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logic changes all gone, like the shells which sprinkle the sea-beach with a white colony to-day, forever renewed to be forever destroyed. But the thoughts which these few hermits strove to proclaim by silence, as well as by speech, not only by what they did, but by what they forbore to do, shall abide in beauty and strength to reorganize themselves in nature, to invest themselves anew in other, perhaps higher endowed and happier mixed clay than ours, in fuller union with the surrounding system.
THE YOUNG AMERICAN.
A LECTURE READ BEFORE THE MERCANTILE LIBRARY ASSOCIATION, BOSTON, FEBRUARY 7, 1844.
THE YOUNG AMERICAN.
It is remarkable that our people have their intellectual culture from one country, and their duties from another. This false state of things is newly in a way to be corrected. America is beginning to assert itself to the senses and to the imagination of her children, and Europe is receding in the same degree. This their reaction on education gives a new importance to the internal improvements and to the politics of the country. Who has not been stimulated to reflection by the facilities now in progress of construction for travel and the transportation of goods in the United States?
This rage for road-building is beneficent for America, where vast distance is so main a consideration in our domestic politics and trade, inasmuch as the great political promise of the invention is to hold the Union stanch, whose days seemed already numbered by the mere inconvenience of transporting representatives, judges, and officers across such tedious distances of land and water. Not only is distance annihilated, but when, as now, the locomotive and the steamboat, like enormous shuttles, shoot every day across the thousand various threads of national descent and employment, and bind them fast in one web, an hourly assimilation goes forward, and there is no danger that local peculiarities and hostilities should be preserved.
1. But I hasten to speak of the utility of these improvements in creating an American sentiment. An unlooked-for consequence of the railroad is the increased acquaintance it has given the American people with the boundless resources of their own soil. If this invention has reduced England to a third of its size, by bringing people so much nearer, in this country it has given a new celerity to time, or anticipated by fifty years the planting of tracts of land, the choice of water
privileges, the working of mines, and other natural advantages. Railroad iron is a magician's rod, in its power to evoke the sleeping energies of land and water.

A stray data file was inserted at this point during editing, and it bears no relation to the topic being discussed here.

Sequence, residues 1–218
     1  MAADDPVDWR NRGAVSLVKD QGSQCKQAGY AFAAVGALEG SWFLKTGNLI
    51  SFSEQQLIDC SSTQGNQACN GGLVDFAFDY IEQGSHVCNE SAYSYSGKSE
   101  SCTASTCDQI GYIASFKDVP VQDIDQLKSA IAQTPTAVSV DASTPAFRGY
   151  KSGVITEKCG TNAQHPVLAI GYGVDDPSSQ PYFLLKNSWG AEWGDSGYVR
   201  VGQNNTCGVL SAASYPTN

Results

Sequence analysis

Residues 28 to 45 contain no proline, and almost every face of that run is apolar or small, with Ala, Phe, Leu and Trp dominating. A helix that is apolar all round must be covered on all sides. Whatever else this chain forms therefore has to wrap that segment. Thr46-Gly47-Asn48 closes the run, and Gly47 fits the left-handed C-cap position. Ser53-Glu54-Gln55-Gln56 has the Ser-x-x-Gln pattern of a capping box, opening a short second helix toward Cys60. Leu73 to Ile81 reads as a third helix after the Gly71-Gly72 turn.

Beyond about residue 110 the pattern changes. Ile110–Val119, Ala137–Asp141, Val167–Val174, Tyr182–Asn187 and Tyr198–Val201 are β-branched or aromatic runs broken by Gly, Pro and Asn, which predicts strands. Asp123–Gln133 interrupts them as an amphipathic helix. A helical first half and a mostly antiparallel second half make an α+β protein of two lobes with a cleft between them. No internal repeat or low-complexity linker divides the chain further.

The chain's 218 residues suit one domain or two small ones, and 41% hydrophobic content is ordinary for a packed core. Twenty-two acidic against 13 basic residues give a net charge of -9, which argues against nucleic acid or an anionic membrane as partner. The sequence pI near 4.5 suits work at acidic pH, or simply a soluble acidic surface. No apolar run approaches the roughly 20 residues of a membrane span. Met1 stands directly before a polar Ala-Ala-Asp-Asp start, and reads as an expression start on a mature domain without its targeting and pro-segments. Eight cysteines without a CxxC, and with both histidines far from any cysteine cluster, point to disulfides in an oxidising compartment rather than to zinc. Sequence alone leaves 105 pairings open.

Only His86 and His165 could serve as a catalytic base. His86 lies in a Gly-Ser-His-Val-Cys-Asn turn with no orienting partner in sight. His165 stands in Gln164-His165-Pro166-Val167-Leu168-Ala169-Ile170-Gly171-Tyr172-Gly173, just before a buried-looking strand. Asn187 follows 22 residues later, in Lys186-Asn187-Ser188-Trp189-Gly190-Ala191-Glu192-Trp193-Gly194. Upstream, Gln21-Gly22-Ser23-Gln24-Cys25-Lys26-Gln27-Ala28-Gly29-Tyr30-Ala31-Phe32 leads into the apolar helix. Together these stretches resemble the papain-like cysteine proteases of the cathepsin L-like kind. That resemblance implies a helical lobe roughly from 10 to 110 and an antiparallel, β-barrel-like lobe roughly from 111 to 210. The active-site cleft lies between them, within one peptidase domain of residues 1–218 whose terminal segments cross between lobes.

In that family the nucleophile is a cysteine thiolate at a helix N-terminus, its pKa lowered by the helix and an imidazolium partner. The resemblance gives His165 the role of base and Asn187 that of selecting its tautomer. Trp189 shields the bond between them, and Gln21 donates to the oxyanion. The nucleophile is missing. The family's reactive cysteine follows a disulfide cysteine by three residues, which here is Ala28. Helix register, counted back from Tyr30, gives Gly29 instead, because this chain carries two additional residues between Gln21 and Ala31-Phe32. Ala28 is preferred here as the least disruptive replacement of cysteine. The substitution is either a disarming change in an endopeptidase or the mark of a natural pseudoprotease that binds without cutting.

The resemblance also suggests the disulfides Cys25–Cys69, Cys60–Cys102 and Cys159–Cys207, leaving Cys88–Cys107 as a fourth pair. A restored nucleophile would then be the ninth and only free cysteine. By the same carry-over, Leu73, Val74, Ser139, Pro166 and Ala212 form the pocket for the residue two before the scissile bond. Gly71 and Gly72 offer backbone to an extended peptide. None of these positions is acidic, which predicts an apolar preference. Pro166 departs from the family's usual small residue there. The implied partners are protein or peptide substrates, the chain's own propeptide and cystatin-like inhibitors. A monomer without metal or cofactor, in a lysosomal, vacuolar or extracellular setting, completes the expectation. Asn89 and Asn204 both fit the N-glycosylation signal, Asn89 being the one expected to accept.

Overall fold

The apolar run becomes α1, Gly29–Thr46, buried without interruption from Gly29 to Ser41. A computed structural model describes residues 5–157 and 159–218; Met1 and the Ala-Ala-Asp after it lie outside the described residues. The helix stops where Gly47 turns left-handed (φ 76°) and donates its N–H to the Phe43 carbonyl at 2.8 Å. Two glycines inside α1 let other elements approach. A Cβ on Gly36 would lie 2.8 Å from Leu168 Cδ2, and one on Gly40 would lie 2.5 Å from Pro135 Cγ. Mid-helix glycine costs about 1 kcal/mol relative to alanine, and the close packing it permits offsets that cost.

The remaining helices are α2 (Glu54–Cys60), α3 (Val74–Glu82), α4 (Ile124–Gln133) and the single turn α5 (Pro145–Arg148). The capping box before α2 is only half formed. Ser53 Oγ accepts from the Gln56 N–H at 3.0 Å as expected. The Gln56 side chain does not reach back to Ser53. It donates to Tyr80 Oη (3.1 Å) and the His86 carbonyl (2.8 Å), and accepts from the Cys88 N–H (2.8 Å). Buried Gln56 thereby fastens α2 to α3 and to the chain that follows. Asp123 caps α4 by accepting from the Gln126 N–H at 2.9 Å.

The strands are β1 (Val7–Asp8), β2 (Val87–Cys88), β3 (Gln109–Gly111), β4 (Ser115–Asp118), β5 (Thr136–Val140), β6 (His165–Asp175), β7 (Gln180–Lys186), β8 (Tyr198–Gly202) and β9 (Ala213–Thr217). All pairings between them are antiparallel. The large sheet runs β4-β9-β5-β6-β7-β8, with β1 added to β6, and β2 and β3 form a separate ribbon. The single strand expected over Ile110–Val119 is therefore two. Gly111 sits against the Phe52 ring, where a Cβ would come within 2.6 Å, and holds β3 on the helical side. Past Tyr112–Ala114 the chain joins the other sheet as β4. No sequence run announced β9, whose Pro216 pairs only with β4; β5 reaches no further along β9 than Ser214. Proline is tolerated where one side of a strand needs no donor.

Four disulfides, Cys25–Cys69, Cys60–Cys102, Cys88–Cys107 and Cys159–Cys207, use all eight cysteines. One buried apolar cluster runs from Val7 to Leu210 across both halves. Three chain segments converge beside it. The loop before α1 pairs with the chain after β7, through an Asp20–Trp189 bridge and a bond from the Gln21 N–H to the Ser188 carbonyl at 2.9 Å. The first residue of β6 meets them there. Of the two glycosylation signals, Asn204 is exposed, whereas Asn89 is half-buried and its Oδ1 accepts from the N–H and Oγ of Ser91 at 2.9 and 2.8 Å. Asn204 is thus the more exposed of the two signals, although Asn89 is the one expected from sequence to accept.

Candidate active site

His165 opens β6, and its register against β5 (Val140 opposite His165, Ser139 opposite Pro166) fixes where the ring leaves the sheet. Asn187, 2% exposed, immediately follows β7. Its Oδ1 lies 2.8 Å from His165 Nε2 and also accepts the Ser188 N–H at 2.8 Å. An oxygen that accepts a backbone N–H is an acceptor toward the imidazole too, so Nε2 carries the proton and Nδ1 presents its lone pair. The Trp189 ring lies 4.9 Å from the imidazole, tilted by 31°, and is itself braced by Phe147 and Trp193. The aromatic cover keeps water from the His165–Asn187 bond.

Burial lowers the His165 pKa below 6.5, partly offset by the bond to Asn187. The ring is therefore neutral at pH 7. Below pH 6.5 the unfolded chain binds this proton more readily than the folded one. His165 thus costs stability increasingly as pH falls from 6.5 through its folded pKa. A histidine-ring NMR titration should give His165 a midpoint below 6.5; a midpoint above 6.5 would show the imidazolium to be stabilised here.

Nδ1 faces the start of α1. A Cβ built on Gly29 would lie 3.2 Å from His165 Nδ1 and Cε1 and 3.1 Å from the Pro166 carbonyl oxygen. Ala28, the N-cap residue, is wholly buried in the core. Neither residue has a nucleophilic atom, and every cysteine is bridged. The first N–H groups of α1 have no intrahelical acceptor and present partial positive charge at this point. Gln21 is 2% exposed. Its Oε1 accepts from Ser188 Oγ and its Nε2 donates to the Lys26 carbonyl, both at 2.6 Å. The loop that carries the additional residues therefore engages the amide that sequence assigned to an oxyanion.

The railroad is but one arrow in our quiver, though it has great value as a sort of yard-stick, and surveyor's line. The bountiful continent is ours, state on state, and territory on territory, to the waves of the Pacific sea;
"Our garden is the immeasurable earth,
The heaven's blue pillars are Medea's house."
The task of surveying, planting, and building upon this immense tract requires an education and a sentiment commensurate thereto. A consciousness of this fact is beginning to take the place of the purely trading spirit and education which sprang up whilst all the population lived on the fringe of seacoast. And even on the coast prudent men have begun to see that every American should be educated with a view to the values of land. The arts of engineering and of architecture are studied; scientific agriculture is an object of growing attention; the mineral riches are explored, limestone, coal, slate, and iron; and the value of timber-lands is enhanced.
Columbus alleged as a reason for seeking a continent in the West, that the harmony of nature required a great tract of land in the western hemisphere, to balance the known extent of land in the eastern; and it now appears that we must estimate the native values of this broad region to redress the balance of our own judgments, and appreciate the advantages opened to the human race in this country, which is our fortunate home. The land is the appointed remedy for whatever is false and fantastic in our culture. The continent we inhabit is to be physic and food for our mind, as well as our body. The land, with its tranquillizing, sanative influences, is to repair the errors of a scholastic and traditional education, and bring us into just relations with men and things.
The habit of living in the presence of these invitations of natural wealth is not inoperative; and this habit, combined with the moral sentiment which, in the recent years, has interrogated every institution, usage, and law, has, naturally, given a strong direction to the wishes and aims of active young men to withdraw from cities, and cultivate the soil. This inclination has appeared in the most unlooked-for quarters, in men supposed to be absorbed in business, and in those connected with the liberal professions. And since the walks of trade were crowded, whilst that of agriculture cannot easily